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Containerized applications typically direct application logs to STDOUT. The container runtime traps these logs and does something with them - typically writes to a file. Where these files are stored depends on the container runtime and configuration.

One fundamental difference with Windows pods is they do not generate STDOUT. You can run LogMonitor to retrieve the ETW (Event Tracing for Windows), Windows Event Logs and other application specific logs from running Windows containers and pipes formatted log output to STDOUT. These logs can then be streamed using fluent-bit or fluentd to your desired destination such as Amazon CloudWatch.

The Log collection mechanism retrieves STDOUT/STDERR logs from Kubernetes pods. A DaemonSet is a common way to collect logs from containers. It gives you the ability to manage log routing/filtering/enrichment independently of the application. A fluentd DaemonSet can be used to stream these logs and any other application generated logs to a desired log aggregator.

More detailed information about log streaming from Windows workloads to CloudWatch is explained here

Logging Recomendations

The general logging best practices are no different when operating Windows workloads in Kubernetes.

  • Always log structured log entries (JSON/SYSLOG) which makes handling log entries easier as there are many pre-written parsers for such structured formats.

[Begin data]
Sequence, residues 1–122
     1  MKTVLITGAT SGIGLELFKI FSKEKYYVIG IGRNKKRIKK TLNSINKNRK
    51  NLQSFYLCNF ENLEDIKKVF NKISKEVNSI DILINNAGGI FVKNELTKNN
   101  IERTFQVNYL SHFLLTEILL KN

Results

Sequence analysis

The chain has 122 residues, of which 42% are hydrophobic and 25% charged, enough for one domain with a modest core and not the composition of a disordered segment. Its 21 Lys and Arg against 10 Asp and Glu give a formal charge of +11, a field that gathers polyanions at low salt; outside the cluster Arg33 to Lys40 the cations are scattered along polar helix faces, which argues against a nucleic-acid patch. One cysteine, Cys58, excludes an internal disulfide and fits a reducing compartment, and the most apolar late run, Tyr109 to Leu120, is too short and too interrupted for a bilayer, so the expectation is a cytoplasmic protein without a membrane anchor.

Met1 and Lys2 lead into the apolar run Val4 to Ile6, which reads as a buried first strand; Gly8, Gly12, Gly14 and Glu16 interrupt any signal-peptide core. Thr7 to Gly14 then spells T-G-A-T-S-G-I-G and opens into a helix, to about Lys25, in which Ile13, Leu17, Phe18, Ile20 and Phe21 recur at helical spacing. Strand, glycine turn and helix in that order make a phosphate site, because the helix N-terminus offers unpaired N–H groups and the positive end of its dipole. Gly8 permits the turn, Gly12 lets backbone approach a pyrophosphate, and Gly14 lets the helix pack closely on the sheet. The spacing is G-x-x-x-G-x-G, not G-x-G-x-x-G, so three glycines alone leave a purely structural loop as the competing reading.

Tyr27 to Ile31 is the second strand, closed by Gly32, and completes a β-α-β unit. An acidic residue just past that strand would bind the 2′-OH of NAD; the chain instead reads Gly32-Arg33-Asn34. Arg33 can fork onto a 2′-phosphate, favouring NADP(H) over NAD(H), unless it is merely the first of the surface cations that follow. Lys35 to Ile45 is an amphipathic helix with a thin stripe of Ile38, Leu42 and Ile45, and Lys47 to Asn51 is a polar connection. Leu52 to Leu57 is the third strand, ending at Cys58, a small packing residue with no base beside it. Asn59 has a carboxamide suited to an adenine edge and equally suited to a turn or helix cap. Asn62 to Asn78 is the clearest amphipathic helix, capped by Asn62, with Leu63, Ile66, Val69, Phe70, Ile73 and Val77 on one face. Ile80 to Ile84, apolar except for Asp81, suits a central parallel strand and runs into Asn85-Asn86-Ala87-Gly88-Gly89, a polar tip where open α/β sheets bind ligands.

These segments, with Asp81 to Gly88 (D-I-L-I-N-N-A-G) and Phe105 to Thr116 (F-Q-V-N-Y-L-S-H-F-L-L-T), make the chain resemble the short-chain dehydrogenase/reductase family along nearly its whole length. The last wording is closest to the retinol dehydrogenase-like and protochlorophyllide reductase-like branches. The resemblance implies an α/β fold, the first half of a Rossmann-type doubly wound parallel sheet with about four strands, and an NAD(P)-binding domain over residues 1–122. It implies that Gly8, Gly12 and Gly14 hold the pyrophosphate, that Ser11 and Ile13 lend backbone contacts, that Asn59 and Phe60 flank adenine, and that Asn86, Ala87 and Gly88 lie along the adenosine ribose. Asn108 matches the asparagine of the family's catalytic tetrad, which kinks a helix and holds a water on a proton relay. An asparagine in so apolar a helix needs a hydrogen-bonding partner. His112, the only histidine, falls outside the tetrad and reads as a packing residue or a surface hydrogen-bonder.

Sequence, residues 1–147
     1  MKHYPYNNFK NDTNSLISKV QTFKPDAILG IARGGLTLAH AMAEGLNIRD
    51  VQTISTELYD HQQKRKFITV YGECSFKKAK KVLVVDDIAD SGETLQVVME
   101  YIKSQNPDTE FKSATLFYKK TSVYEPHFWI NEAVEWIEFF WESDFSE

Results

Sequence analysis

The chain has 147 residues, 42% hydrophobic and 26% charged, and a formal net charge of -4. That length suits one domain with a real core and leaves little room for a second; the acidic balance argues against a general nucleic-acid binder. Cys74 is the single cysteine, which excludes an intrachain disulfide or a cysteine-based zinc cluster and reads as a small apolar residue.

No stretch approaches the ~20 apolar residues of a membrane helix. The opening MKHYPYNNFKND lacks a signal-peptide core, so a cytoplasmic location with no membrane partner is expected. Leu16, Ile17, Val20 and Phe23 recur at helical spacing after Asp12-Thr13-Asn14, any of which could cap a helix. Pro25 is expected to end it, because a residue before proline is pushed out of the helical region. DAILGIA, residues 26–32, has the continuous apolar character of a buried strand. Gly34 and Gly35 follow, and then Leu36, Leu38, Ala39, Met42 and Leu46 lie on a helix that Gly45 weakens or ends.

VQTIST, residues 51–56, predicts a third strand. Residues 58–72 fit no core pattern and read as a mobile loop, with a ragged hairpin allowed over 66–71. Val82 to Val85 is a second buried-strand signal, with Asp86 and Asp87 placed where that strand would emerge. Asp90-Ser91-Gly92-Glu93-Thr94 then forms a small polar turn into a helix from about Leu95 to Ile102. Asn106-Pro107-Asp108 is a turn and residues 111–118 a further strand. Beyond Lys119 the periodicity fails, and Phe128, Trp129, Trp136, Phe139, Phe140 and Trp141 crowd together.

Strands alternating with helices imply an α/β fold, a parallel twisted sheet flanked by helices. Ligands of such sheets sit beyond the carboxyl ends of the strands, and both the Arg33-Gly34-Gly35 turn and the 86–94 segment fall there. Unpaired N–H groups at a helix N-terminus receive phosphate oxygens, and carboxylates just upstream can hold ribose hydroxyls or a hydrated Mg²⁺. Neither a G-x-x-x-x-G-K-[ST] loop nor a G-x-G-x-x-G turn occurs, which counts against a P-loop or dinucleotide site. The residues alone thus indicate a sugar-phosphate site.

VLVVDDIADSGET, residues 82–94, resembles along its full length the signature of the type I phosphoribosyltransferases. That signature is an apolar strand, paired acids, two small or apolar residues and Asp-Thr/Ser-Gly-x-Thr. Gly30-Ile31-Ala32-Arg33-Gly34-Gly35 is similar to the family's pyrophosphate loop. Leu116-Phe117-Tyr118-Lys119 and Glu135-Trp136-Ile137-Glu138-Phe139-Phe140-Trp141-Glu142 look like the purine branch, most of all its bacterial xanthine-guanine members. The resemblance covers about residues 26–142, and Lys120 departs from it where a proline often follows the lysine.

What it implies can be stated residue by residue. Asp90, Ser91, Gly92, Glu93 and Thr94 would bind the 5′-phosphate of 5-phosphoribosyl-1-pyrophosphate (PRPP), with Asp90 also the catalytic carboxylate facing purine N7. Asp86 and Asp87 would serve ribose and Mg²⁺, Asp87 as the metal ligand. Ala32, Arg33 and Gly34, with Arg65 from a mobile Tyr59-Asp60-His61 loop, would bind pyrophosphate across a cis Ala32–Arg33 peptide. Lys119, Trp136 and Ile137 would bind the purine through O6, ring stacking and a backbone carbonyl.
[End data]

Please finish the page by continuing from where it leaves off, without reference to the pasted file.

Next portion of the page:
• Centralize logs - dedicated logging containers can be used specifically to gather and forward log messages from all containers to a destination
  • Keep log verbosity down except when debugging. Verbosity places a lot of stress on the logging infrastructure and significant events can be lost in the noise.
  • Always log the application information along with transaction/request id for traceability. Kubernetes objects do-not carry the application name, so for example a pod name windows-twryrqyw may not carry any meaning when debugging logs. This helps with traceability and troubleshooting applications with your aggregated logs.

    How you generate these transaction/correlation id's depends on the programming construct. But a very common pattern is to use a logging Aspect/Interceptor, which can use MDC (Mapped diagnostic context) to inject a unique transaction/correlation id to every incoming request, like so:

import org.slf4j.MDC;
import java.util.UUID;
Class LoggingAspect { //interceptor

    @Before(value = "execution(* *.*(..))")
    func before(...) {
        transactionId = generateTransactionId();
        MDC.put(CORRELATION_ID, transactionId);

    func generateTransactionId() {
        return UUID.randomUUID().toString();